One of the reasons is vision of what it takes to prepare students for their future, not for our past. Additionally, leadership is going to be required to implement a different vision. A vision without action is just a dream. Blaming charters and private schools is probably a losing strategy. Suggestion: Quit whining and compete. Al Shanker’s original vision in NYC was to listen to innovative staff and support their new approaches. The people that implemented that vision led to the charter movement outside the public school system.

Now, with the COVID pandemic, the loss of students is exacerbated and getting worse. Many districts can’t find students who were enrolled. And as a result, states will probably reduce funding, making it even more difficult to meet the future needs.

Try this for a mission of schools: Preparing students for a life after high school. So, what faces students of the future. Let’s look at what innovative companies and organizations want. Richard Sheridan (2018) at Menlo Innovations says their first consideration for employees is a kindergarten skill: Do they play well with others? Lazlo Bock (2015), former HR director at Google, looks for people who are creative, can collaborate and take leadership by expressing their opinions, not taking a passive approach. Ed Catmull (2014) at Pixar wants people who will participate in a process called ‘Plussing.’ This means being able to work in a group and contributing ways to make a movie better, not tearing what exists down. If you don’t like it, make it better. As Angeles Arrien said years ago, “It takes no courage to chronically complain.”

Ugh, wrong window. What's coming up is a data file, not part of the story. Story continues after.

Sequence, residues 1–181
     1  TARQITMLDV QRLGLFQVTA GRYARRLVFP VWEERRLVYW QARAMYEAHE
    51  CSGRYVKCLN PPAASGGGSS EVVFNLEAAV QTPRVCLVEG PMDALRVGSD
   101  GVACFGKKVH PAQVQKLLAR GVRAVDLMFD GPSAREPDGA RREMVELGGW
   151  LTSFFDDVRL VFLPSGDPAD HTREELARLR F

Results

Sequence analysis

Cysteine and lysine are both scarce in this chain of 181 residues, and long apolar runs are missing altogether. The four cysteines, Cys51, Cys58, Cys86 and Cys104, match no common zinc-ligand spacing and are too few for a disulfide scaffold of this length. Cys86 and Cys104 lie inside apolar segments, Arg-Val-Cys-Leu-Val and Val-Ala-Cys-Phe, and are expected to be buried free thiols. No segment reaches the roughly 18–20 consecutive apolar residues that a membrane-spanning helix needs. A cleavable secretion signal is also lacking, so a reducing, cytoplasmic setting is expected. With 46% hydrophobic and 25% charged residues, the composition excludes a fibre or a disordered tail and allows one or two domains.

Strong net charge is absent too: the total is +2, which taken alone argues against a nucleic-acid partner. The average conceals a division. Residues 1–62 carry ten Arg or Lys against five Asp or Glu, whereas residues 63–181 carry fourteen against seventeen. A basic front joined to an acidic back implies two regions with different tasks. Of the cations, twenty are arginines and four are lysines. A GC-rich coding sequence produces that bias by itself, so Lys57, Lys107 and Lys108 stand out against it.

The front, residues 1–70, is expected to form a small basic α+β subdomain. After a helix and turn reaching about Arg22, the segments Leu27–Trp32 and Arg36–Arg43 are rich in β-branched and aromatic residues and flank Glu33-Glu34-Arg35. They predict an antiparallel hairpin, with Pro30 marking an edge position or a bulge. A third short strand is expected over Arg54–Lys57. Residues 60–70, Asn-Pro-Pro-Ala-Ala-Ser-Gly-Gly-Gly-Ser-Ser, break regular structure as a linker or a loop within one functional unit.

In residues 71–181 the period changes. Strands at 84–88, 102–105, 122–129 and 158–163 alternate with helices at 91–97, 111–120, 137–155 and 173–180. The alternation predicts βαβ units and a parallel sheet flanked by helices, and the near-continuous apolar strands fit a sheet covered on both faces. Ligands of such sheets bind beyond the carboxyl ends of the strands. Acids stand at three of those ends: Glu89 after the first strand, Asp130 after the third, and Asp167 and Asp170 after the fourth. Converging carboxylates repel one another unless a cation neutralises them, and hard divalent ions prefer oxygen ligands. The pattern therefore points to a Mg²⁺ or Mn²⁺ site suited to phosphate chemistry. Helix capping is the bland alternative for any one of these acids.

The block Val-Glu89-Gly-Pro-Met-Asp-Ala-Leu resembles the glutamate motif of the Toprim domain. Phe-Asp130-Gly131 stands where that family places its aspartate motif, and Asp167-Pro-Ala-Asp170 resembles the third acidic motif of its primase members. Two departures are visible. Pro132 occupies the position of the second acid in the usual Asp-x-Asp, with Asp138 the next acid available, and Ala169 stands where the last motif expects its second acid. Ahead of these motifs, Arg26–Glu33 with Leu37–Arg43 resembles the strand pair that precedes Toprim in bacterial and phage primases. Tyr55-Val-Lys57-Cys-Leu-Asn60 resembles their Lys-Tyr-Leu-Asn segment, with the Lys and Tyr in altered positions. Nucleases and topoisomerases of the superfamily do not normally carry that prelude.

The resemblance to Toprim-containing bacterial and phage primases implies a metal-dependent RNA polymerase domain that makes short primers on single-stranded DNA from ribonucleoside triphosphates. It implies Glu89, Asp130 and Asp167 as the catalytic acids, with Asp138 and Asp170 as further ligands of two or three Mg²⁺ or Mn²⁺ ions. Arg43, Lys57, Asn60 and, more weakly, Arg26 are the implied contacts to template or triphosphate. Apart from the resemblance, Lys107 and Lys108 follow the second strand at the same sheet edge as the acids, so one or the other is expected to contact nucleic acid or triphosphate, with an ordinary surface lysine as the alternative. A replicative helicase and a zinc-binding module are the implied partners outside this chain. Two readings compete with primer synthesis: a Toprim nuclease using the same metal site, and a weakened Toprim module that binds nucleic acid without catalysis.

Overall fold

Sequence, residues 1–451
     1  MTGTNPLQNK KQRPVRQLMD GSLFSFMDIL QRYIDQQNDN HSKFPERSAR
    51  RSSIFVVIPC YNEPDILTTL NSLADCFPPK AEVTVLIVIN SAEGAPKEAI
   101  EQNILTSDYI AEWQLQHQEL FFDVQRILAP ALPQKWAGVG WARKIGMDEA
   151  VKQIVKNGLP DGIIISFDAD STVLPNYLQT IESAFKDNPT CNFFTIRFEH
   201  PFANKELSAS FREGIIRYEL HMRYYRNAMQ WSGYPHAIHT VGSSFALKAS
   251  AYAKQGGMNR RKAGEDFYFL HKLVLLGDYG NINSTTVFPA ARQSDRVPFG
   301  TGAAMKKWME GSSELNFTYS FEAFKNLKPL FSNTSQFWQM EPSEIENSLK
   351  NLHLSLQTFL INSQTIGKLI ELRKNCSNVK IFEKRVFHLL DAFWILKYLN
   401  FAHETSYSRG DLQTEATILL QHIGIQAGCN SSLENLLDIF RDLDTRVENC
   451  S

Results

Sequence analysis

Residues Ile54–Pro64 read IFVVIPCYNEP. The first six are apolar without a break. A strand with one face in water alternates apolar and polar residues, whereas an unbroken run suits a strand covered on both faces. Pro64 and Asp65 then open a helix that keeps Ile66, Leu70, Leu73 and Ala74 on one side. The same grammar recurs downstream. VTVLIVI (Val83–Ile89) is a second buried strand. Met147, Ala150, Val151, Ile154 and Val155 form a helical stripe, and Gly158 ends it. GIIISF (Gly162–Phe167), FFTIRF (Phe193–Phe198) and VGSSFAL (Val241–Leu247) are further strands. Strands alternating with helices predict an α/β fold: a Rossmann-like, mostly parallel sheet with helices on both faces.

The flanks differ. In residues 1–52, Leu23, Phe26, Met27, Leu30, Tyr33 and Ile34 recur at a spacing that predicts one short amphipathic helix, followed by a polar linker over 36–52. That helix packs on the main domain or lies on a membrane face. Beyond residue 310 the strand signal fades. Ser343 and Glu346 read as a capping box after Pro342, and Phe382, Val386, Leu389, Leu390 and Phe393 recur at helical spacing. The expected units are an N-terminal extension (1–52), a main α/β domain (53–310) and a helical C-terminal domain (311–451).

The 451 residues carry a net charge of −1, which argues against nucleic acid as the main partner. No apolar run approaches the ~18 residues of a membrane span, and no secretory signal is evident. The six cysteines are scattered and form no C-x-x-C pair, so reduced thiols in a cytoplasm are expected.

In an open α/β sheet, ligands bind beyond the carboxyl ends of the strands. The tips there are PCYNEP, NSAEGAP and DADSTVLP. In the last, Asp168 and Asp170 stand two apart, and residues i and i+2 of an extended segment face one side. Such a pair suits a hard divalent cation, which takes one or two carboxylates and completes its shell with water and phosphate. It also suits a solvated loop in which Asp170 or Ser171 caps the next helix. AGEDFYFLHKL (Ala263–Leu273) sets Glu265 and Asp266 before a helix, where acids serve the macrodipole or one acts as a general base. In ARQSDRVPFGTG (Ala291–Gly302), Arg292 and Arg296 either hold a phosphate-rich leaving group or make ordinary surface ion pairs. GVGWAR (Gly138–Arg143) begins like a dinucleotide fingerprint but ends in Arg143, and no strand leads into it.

As I think about assessment, most states and the U.S. focus on test scores and fact retrieval, the latter which technology can do quicker and more accurately. My question is how do we create learners for the future who can use the content to solve problems of the future. Will our students continue to change, grow, and contribute to our common good?

This change is going to add a focus on the meta-curriculum. Thinking heuristics and the supporting habits to encourage, enhance and sustain short and long-term thinking. Art Costa and Bena Kallick have identified and teach about sixteen research-based thinking skills that are transferrable to multiple situations and job requirements. One of the goals of Habits of Mind is to engage in ongoing learning. The world will not remain static. As Bob Dylan’s song title says, Things Have Changed. Supporting this is the Eagles song, Get Over It. What is your FeedForward?

Tony Wagner (2008) identified seven requirements to close the global achievement gap. Yes, we are losing ground to the rest of the world by focusing only on test scores. The seven are:

  1. Critical Thinking and Problem Solving
  2. Collaboration across Networks and Leading by Influence
  3. Agility and Adaptability